TBA is Portland, Oregon’s Time Based Art festival, a group of performance, dance, music, and visual happenings hosted by the Portland Institute of Contemporary Art. The visual portion of the festival is held at what the institute refers to as “The Works,” an abandoned circa-1910 redbrick former high school. It’s an iconic building: if you grew up in the 80s watching after-school specials (or if you’ve ever seen a John Hughes film) this building could serve as the prototype. This year’s selection of videos installed at The Works varies considerably in style, length, and subject matter. Given the venue, one could consider it a very liberal arts education.
John Smith‘s 1976 The Girl Chewing Gum is a black and white film depicting the everyday life of a London street. At first, the authority of the voiceover narration seems like instructions given by a film director, but over the video’s twelve minutes the narration devolves into mere description and then confusion. What begins as a commanding presence—masterful instructions given by the voice just as each action is about to unfold—breaks down into a struggle to keep up with the crowded scene. Finally, the view switches completely to a slow pan over English countryside, even as the traffic noise from the original scene continues. This is an incredibly simple gesture that creates poignancy and depth. As understanding dawns that the narrator is not, in fact, directing the actions on screen, the viewer’s recognition shifts. What starts as the audio of a man who directs his world turns into a man desperate to control his environment (or at least maintain the illusion of doing so), until finally there is a psychic (and literal) break with the scene altogether.
Smith’s thirty-year-old work still holds up conceptually, but it’s anyone’s guess how the other videos in the exhibition will fare over time. Charles Atlas‘s Tornado Warning (2008) is a five-channel installation of strong technical proficiency. It is the only video-based work in the building that addresses its physical space by means of a built environment and moving lights; unfortunately the projections look an awful lot like a cross between Op art and the code-drenched computer screens from The Matrix. In another room is artist group Yemenwed‘s Episode 3, a combination of animation, painting, sculpture, and live-action video. The visuals are cleverly done, but if there is a narrative to the meanderings of the main character, who ambles through a constructed and animated space with some kind of hobbles/casts on her legs, it is not apparent.
Christopher Miner‘s The Safest Place features a man revolving slowly in the zero-gravity atmosphere of a space capsule. His knees are drawn up to his chest and his arms are wrapped around his knees. The soundtrack of a man’s voice singing is unaccompanied, but there is a heavy reverb/echo on the voice and it’s impossible to make out the words. That’s too bad, as upon reading the exhibition booklet one learns that they comprise the lines of a modest hymn. Part of the artistry behind The Girl Chewing Gum is that Smith sets up a very simple system and then disrupts it; Miner’s video has the same kind of confident simplicity overall, but in its present state allows no room for a secondary layer of meaning to come into play. Clearer audio might have provided that.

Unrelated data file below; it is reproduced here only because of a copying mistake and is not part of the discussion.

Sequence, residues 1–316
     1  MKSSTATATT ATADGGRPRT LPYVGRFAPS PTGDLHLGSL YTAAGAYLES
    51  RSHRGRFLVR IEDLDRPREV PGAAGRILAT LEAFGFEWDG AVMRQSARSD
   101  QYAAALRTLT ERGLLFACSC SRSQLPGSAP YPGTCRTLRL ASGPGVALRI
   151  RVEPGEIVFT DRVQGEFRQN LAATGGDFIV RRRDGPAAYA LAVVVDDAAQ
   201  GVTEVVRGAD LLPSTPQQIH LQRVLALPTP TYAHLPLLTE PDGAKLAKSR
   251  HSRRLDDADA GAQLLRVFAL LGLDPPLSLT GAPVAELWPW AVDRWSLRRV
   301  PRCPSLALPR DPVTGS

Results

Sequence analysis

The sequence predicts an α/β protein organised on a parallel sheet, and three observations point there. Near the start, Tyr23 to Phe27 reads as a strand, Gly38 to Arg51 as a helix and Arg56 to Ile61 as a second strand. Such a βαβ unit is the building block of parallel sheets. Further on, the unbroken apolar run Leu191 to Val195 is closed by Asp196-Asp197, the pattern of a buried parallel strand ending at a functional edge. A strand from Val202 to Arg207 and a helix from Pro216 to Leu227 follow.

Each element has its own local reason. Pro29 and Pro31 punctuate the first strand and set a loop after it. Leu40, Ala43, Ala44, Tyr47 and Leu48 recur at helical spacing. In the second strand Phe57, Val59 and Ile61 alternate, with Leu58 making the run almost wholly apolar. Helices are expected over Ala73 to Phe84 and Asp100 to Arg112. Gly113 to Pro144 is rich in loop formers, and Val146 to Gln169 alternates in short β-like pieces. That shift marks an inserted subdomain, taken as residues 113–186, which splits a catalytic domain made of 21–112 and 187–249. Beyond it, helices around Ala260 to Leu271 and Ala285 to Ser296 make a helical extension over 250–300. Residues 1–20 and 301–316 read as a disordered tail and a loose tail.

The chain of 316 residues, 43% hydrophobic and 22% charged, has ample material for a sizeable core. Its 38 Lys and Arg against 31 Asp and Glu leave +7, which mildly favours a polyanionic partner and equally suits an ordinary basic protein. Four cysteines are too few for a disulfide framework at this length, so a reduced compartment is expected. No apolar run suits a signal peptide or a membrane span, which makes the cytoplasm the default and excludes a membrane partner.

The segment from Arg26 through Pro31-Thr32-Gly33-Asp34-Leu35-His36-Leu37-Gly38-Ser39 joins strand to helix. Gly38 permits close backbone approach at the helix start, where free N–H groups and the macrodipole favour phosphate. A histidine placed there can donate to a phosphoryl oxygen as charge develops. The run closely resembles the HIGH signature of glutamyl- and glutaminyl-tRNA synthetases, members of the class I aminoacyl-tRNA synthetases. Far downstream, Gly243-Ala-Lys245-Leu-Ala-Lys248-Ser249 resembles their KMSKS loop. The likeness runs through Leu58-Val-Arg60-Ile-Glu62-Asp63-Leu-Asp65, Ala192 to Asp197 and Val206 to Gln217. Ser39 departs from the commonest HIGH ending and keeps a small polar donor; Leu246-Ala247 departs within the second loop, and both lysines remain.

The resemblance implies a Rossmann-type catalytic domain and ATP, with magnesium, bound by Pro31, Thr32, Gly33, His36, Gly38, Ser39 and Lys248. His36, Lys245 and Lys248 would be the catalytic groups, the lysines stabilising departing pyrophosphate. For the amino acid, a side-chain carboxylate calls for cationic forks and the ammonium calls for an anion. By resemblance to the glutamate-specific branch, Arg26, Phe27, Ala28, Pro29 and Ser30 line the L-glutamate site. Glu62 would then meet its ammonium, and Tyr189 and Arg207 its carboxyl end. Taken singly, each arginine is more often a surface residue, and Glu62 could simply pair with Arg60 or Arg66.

Two of the rooms on the second floor contain videos as part of larger installations of more traditional visual art. Jessica Jackson Hutchins‘s Children of the Sunshine is visually spare and elegant. Four prints, two of which are taken from her family piano, hang on the walls. In the center of the room is the actual baby grand: carved, scarred and careworn. These evocative objects would be enough: the prints are beautiful, with deep black ink providing a backdrop for smeary colors and bulbous papier-mâché protrusions or large burn holes. The piano—small, dirty, pitted with childish carvings—stands as emblem of home, family, and a middle-class childhood. Unfortunately, the poetry of the room is completely upset by the cacophonous video on the flatscreen monitor in one corner. In it, Hutchins’s family of singer-musicians chants a nearly atonal chorus of “we are children of the sunshine, we are children of the sunshine” over and over while banging, blowing, or plonking on various instruments. I regret that this teeth-gritting and superfluous aural torture not only drove me out of the room, but also continues to haunt me as I write this.
The next room—blissfully quiet, but still prickly—is Storm Tharp‘s High House, an assemblage of objects that toes an uneasy line between studio and gallery. There are hand-labeled jars of paint and plants lining the windowsill; there are color-field canvases hung in a grid, and a fan that blows two silk scarves appliquéd with NOT THE LAST TIME. A video displays a curtain billowing in the frame of a sliding-glass door. In the middle of the room, a pristine white staircase rises above head height and leads nowhere. Tharp has seen many successes in the last few years, including the Whitney Biennial, and this room feels like a web of clues that provide a glimpse into the mental state of an artist on the edge of something really big. The vibe here is uncertainty; the ambiguity of being poised in a position of near-flight (up the white stairs, out the breezy video doorway), choosing between public glory and private life.